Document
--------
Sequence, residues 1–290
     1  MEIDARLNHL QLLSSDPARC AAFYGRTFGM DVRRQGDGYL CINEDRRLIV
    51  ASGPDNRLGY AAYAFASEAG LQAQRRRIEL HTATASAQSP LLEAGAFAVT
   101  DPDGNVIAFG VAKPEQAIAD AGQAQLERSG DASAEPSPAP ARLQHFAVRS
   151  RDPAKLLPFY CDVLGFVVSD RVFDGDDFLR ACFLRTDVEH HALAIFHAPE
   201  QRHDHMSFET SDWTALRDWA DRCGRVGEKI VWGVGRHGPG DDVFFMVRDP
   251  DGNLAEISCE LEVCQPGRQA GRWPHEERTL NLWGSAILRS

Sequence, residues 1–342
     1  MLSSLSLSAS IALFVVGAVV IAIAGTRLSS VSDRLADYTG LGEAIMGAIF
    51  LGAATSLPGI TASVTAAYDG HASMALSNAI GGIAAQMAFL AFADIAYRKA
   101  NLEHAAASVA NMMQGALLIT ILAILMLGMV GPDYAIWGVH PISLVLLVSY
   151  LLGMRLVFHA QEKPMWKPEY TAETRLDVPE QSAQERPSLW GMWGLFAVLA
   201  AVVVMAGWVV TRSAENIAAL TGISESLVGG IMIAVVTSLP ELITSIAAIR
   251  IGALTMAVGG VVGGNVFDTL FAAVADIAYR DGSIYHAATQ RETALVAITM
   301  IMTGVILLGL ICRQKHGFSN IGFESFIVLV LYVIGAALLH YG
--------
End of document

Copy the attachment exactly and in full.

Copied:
Sequence, residues 1–290
     1  MEIDARLNHL QLLSSDPARC AAFYGRTFGM DVRRQGDGYL CINEDRRLIV
    51  ASGPDNRLGY AAYAFASEAG LQAQRRRIEL HTATASAQSP LLEAGAFAVT
   101  DPDGNVIAFG VAKPEQAIAD AGQAQLERSG DASAEPSPAP ARLQHFAVRS
   151  RDPAKLLPFY CDVLGFVVSD RVFDGDDFLR ACFLRTDVEH HALAIFHAPE
   201  QRHDHMSFET SDWTALRDWA DRCGRVGEKI VWGVGRHGPG DDVFFMVRDP
   251  DGNLAEISCE LEVCQPGRQA GRWPHEERTL NLWGSAILRS

Sequence, residues 1–342
     1  MLSSLSLSAS IALFVVGAVV IAIAGTRLSS VSDRLADYTG LGEAIMGAIF
    51  LGAATSLPGI TASVTAAYDG HASMALSNAI GGIAAQMAFL AFADIAYRKA
   101  NLEHAAASVA NMMQGALLIT ILAILMLGMV GPDYAIWGVH PISLVLLVSY
   151  LLGMRLVFHA QEKPMWKPEY TAETRLDVPE QSAQERPSLW GMWGLFAVLA
   201  AVVVMAGWVV TRSAENIAAL TGISESLVGG IMIAVVTSLP ELITSIAAIR
   251  IGALTMAVGG VVGGNVFDTL FAAVADIAYR DGSIYHAATQ RETALVAITM
   301  IMTGVILLGL ICRQKHGFSN IGFESFIVLV LYVIGAALLH YG